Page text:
The requirement for host APCs demonstrated by the bone marrow chimera experiments confirms that the tumor Ag (HA) is cross-presented rather than directly presented by the tumor cells in the DLN. This is consistent with the lack of any evidence that this tumor metastasizes to LN (32). This cross-presentation of tumor Ag in DLN is efficient and tumor Ag cross-presentation is seen throughout the period of tumor growth, i.e., is constitutive (26). This parallels observations in normal rats where apoptotic bodies have been demonstrated to be constitutively present in APCs draining the normal gut, implying continuous sampling of apoptotic gut epithelial cells (33).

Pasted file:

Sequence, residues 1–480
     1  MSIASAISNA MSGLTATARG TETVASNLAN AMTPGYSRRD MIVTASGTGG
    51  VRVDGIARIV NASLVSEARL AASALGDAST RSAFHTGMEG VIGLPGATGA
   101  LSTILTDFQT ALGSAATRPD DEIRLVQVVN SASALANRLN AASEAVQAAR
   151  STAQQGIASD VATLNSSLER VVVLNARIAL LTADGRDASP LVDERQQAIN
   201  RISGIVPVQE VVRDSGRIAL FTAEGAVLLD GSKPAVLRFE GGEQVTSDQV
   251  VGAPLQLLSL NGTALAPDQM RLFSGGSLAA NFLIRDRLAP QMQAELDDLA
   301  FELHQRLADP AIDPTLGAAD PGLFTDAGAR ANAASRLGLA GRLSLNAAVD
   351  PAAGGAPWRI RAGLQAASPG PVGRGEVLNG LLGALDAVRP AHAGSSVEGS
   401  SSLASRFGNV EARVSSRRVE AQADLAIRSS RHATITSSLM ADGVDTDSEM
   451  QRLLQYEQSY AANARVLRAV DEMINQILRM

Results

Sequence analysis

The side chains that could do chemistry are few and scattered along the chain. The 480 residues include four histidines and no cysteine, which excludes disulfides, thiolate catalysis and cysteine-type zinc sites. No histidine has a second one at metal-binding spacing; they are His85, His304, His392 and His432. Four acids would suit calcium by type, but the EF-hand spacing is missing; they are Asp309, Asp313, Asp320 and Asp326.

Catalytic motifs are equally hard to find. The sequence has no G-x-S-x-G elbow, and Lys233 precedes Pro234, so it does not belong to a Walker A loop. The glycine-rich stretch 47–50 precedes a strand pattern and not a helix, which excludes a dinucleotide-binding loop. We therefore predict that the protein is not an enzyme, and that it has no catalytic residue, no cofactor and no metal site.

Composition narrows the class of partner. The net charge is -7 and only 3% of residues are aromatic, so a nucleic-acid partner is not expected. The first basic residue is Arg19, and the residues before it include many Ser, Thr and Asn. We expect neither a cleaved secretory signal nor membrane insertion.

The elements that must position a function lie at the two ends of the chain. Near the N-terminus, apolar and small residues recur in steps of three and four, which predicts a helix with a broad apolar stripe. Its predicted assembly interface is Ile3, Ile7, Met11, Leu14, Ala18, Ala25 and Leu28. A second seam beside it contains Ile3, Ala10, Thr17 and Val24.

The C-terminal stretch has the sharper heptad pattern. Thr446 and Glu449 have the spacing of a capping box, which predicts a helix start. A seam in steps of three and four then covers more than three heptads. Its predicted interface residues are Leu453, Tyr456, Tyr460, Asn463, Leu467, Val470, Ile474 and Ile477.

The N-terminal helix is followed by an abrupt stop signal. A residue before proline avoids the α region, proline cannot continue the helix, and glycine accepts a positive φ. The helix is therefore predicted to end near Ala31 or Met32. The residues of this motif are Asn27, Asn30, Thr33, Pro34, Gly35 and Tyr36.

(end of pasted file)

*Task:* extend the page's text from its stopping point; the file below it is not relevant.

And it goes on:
The only cellular source of the cross-presented Ag in our experiments was the tumor cell, although it was impossible to know whether the cells that donated tumor Ag were alive, apoptotic, or necrotic. The latter was unlikely as staining of tissue sections demonstrated no evidence of either tumor necrosis or the inflammation usually associated with necrosis in these tumors with or without gemcitabine therapy. Therefore, the source of cross-presented Ag was likely to be either apoptotic or live cells. As it is technically not possible to precisely identify which type of cell delivers tumor Ags for cross-presentation in vivo, we chose the strategy of inducing a large shift in the balance of live to apoptotic tumor cells in vivo by inducing substantial apoptosis pharmacologically, then determined how this affected cross-presentation and T cell responses.